A family member of Zemari Ahmadi. Both were killed by a US-fired Hellfire missile outside their house in Kabul. Photo: AFP / Haroon Sabawoon / Anadolu Agency

The Pentagon has caved in and taken responsibility for the drone strike that killed 10 innocent civilians, including Zemari Ahmadi who was a 14 year-long employee of the Nutrition and Education NGO. Most of his family, including children, were killed in the airstrike as they gathered around his Toyota Corolla when he returned home from work.

But the Pentagon admission lacks credible details on why the Hellfire missile killed the wrong people in the wrong place.

Prior to the admission on Friday, September 17, the White House and Pentagon had been insisting that those killed belonged to ISIS-K and therefore they killed the target they were after. We now know that those claims were false and were part of an effort to cover up what really happened.

The drone that was used in the attack was an MQ-9 Reaper equipped with sophisticated cameras, radars and other equipment. The drone most likely spent hours over Kabul trying to track alleged ISIS-K threats the Reaper has an endurance (fully loaded) of 14 hours.

One of the most problematic aspects of the lethal strike is that the drone had been following a white car, allegedly Ahmadi’s Toyota, for many hours. It is a problem because a different white Toyota, perhaps operated by ISIS-K personnel, was also moving around during this period.

Could they have become mixed up? There is a possibility that happened, although only a complete investigation would reveal the truth.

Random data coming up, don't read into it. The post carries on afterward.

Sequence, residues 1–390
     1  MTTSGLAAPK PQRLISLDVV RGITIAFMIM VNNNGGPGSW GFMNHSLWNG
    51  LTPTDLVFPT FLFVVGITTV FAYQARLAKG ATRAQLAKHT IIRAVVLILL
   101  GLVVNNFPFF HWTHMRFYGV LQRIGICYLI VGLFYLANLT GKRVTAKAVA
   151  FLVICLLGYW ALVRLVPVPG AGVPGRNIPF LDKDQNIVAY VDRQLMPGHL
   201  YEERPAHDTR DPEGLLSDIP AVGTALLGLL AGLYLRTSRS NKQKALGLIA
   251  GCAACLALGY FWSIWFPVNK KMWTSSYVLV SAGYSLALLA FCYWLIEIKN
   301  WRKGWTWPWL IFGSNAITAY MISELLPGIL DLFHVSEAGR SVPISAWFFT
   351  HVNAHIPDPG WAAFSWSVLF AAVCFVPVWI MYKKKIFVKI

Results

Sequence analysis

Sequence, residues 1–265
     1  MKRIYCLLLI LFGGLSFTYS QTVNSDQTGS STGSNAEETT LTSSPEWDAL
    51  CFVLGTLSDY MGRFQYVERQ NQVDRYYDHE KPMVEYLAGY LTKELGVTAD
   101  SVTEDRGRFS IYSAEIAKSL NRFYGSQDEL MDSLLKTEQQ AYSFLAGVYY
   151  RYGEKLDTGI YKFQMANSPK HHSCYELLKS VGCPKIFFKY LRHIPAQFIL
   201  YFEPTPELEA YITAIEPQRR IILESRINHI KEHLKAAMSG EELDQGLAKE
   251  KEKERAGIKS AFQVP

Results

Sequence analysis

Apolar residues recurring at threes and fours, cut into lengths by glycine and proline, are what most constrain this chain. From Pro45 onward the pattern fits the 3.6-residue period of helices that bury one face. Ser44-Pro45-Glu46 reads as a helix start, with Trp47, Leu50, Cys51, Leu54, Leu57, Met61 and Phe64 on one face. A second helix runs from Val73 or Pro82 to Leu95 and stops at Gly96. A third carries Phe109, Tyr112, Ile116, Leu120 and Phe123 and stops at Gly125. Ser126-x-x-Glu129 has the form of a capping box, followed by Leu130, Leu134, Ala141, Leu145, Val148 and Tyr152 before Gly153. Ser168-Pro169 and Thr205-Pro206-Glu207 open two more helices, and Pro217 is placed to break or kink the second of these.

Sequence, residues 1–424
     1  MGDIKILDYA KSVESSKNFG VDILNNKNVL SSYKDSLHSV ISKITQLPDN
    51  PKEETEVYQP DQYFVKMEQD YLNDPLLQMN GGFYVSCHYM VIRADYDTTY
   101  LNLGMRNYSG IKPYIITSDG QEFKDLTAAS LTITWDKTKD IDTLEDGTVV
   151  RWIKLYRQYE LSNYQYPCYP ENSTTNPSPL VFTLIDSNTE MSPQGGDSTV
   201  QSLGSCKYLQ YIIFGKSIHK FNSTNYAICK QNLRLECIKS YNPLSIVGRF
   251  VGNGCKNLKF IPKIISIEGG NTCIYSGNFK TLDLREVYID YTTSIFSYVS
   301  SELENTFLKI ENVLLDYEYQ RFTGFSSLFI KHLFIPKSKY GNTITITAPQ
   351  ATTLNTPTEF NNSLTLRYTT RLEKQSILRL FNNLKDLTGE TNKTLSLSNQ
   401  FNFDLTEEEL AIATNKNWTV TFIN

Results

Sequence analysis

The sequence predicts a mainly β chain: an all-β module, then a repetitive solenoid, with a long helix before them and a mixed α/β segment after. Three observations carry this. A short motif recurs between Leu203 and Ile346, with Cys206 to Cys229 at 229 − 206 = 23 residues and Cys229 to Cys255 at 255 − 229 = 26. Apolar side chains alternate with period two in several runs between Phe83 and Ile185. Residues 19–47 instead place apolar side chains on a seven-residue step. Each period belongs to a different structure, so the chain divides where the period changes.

More concerning are three pointss. The first is that the drone operators, according to Even Hill of the New York Times, identified a building they claimed was an ISIS-K operations center. In fact, it was the well known location of the Nutrition and Education NGO.

The second is that security camera footage, which is inferior to the powerful cameras on the Reaper drone, clearly shows that the alleged “ISIS-K” explosives were never properly identified and were, in fact, water containers that the operators saw being taken into Mr Ahmadi’s home.

Zemari Ahmadi family house after the drone strike. Photo: AFP / Haroon Sabawoon / Anadolu Agency

The third concern is why a drone would launch a missile at a target in a densely populated neighborhood where collateral damage was a certainty.

The Pentagon also claimed there was a secondary explosion when the “bomb” in the car exploded after the car was hit. There is no evidence at all to support this claim but the Pentagon has yet to state the claim was false. Every examination of the scene makes clear there was only one explosion caused by the Hellfire missile.

Even worse than these three unexplained errors and false claims, the worst error of all was that the drone strike happened when Ahmadi’s children surrounded the car.

There are two possibilities why this happened. The first is that the operators never saw the children and possibly fired before the children ran out to greet their father. The second is that the operators actually did see the children, but by that time the Hellfire missile had already been launched.